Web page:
A psychiatrist sat across from me; a file several inches thick rested on the table between us. One infraction after another had led to this moment. I was in the military and to put it mildly, I wasn’t a model soldier. The military had been my attempt to “get straightened out.” I thought a little authority and structure would be good for me, but it hadn’t helped. I didn’t do well with authority, and that file on the table proved it.
My behavior was so violent and my personality so “off” that several military psychiatrists had been called in to assess me. They concluded something was very wrong with me. It was no shock to me; I’d been hearing those words since I was five years old. It was a favorite question of my parents and teachers—What is wrong with you?!
The lead military psychiatrist sitting across from me seemed to have an answer. “You’re a sociopath, Bob.”
He pulled out a book and read the definition to me. A sociopath has a complete disregard for the rights of others and are incapable of love. They don’t have any normal feelings of remorse, shame, or guilt. They are cruel to both people and animals and have no empathy for others. Most that are diagnosed as a sociopath are capable of deadly violence. A sociopath is callous and has a reckless disregard even for their own safety. Most are pathological liars and are quick to rationalize the pain that they inflict on others in such a manner as to imply that the other party ‘deserved’ what they got.”
He continued with a strange look on his face, and said, “A Sociopath doesn’t have a conscience, Bob. Several serial killers are diagnosed as a sociopath, and if I had to guess, I’d say you are well on your way to becoming a sociopath.”
“What can be done about it?” I asked.
“Nothing,” he replied.
It was officially determined that I was not suitable to continue to serve in the military, and I was given an administrative discharge. I left with a hopeless diagnosis and continued down a tumultuous path.
All my life I’d been told I was a stupid idiot who would never amount to anything. I believed every word of it. And now it had been confirmed. There was no hope for me.
All I’d ever wanted as a child was to be loved and accepted by my parents or by a friend. It was obvious my father hated the very sight of me. His daily beatings confirmed it. And as far as having a friend goes? Well, transferring to nineteen different schools because of our family’s military background made that impossible. No one had ever loved or befriended me.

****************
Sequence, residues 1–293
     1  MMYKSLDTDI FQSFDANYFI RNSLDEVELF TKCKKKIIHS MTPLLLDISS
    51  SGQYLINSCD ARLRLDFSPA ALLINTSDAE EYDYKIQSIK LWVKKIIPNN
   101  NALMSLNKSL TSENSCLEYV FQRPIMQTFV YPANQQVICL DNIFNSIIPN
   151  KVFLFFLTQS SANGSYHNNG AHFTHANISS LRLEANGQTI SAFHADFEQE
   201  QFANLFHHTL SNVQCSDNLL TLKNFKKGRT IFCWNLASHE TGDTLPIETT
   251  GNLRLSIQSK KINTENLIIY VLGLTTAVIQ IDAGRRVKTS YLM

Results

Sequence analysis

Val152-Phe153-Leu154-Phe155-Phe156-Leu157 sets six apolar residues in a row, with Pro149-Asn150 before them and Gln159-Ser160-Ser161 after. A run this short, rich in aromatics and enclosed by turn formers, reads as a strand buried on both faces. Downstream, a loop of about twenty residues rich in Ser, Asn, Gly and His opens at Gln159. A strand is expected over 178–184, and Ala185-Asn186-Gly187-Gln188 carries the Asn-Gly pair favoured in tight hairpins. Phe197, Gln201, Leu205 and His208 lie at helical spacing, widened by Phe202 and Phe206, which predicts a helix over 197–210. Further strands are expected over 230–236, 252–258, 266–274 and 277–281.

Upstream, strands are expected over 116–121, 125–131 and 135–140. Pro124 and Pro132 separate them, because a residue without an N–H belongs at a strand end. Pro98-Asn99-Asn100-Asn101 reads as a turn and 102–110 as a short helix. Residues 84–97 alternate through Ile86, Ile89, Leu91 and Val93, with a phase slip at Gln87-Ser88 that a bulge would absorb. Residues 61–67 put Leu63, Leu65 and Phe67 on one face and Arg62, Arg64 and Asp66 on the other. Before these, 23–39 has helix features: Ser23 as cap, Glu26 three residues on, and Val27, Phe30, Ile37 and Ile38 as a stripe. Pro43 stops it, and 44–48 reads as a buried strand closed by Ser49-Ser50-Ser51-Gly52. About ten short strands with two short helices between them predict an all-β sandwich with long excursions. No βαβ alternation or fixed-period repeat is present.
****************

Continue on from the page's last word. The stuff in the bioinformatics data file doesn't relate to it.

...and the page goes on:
The tipping point came the day the school principal gave me a paddling for something I’d done wrong. When I got home, my dad continued the beatings with his fists and a strap. I distinctly remember making up my mind between blows that no one, and I mean, no one, would ever see me cry.
I looked at my dad and snarled, “Give me your best shot.” In that moment, I became stone cold and full of hate, rage, and bitterness.
When you live with such powerful emotions, something has to give. You either need an outlet to release the pent-up anger and rage, or you need something to cover it up. I chose both. Just as my father had done, I began to use my fists to control people and manipulate situations. That graduated quickly to a baseball bat and then guns. I inflicted great pain on many. I turned to drugs to cover up my pain. Methamphetamine and heroin were my drugs of choice. I shot up anywhere I could find a vein…even the veins in my big toe.
As soon as the effects of the drugs wore off and the pain of my miserable life began again to overtake me, I would shoot up again. It was a constant, deadly cycle. It’s nothing short of a miracle that I’m alive. If it hadn’t been for God’s intervention, I would be dead for sure.
One such intervention came when I was twenty-four. God sent an angel in the form of a nurse named Lydia. I’d been in a terrible car wreck and broken nearly every bone in my body. Several blood transfusions and major orthopedic surgeries were required to put my leg and other broken bones back together. Lydia was in charge of caring for me.
An insomniac, I asked her to bring me books to read to pass the night away. Lydia brought the bestseller book list for me to choose from. I was shocked to learn that the number one selling book was the Bible. I asked her for a Bible. She gave me her own.
I started in the Old Testament, but it was boring. I moved over to the New Testament and began to read about a man named Jesus.
I’d heard about Jesus but, to be brutally honest, I didn’t want anything to do with Him. I blamed God for everything wrong in my life. But I couldn’t help but notice that Jesus was a man of love. I longed for love. He was a man who hung out with what the world would call the unlovable. People like me. He hung out with prostitutes, drunks, and ungodly sorts…and He loved them.
I was attracted to this love, primarily because I’d never been loved by anyone. My relationship with my own father made it difficult for me to view God as a father—I couldn’t imagine what that would be like. But Jesus was different. Over and over again, I saw it. Jesus loved. And, according to John 3:16, He loved me too.
I kept reading, and I came to Philippians 4:13 NKJV. It said, “I can do all things through Christ who strengthens me.”
I read it and reread it. And then I felt compelled to read it again. I just couldn’t seem to get past the statement that I could do anything. It bugged me to no end. I thought to myself, “Well, if you really could do anything that you wanted, what would it be?”
I didn’t hesitate.
I’d change my life!
I wanted off the streets. I wanted to be far away from the never-ending violence of guns, knives, and vicious fights. I wanted to permanently kick drugs. I was weary of spending my every waking moment thinking about how I was going to find my next fix, whether or not a “hot shot” might kill me, or if bad dope might send me freaking out to an insane asylum. I was worn down from being a criminal, I was sick of the paranoia and looking over my shoulder for cops, and I was sure sick of being around other dangerous, psychopathic criminals and drug dealers who would kill me for a nickel bag. I wanted to make my family proud of me instead of ashamed. I wanted to find a good job that was interesting and paid decent money. I wanted a girlfriend who was wholesome. I wanted some intelligent, happy friends who weren’t losers. Most of all, I just wanted to be happy and loved for once in my life!
Could Jesus give me all of that? No way.